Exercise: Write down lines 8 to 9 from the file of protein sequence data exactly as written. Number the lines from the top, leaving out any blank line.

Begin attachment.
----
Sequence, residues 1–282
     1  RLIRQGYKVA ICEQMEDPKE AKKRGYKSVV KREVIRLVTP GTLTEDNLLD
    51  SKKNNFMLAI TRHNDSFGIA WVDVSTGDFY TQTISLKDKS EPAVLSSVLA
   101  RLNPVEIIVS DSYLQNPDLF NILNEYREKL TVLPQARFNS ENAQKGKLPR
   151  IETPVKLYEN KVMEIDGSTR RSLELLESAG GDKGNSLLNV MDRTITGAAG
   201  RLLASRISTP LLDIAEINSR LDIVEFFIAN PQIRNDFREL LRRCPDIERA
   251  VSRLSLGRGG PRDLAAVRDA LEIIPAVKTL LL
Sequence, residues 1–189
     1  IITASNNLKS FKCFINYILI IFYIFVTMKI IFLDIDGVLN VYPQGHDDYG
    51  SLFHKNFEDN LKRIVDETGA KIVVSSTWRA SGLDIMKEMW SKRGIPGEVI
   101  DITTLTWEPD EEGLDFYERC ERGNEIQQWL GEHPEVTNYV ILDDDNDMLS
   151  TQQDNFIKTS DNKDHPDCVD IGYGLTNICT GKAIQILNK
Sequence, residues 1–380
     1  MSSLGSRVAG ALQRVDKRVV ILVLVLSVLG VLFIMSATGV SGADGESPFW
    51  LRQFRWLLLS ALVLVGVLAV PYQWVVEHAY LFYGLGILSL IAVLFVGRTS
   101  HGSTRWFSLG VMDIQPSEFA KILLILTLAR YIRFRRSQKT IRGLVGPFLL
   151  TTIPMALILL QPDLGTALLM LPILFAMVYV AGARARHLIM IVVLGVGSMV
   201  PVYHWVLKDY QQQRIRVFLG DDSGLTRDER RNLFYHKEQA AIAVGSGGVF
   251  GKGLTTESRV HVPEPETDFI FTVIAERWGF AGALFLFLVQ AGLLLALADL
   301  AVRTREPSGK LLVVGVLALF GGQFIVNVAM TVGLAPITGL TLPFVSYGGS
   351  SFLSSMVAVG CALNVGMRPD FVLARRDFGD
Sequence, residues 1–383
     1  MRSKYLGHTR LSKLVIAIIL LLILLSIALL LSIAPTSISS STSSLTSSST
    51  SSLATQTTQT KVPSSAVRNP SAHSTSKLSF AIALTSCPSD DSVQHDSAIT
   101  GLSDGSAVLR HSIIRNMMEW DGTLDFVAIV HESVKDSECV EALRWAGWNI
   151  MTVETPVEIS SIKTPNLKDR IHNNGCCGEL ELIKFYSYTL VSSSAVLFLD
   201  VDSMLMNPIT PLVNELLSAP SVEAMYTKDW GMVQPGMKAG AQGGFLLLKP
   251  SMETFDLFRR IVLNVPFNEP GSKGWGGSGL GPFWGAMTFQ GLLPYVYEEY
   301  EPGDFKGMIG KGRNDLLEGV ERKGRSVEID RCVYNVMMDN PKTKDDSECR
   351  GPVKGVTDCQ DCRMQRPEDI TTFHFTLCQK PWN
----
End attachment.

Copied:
Sequence, residues 1–189
     1  IITASNNLKS FKCFINYILI IFYIFVTMKI IFLDIDGVLN VYPQGHDDYG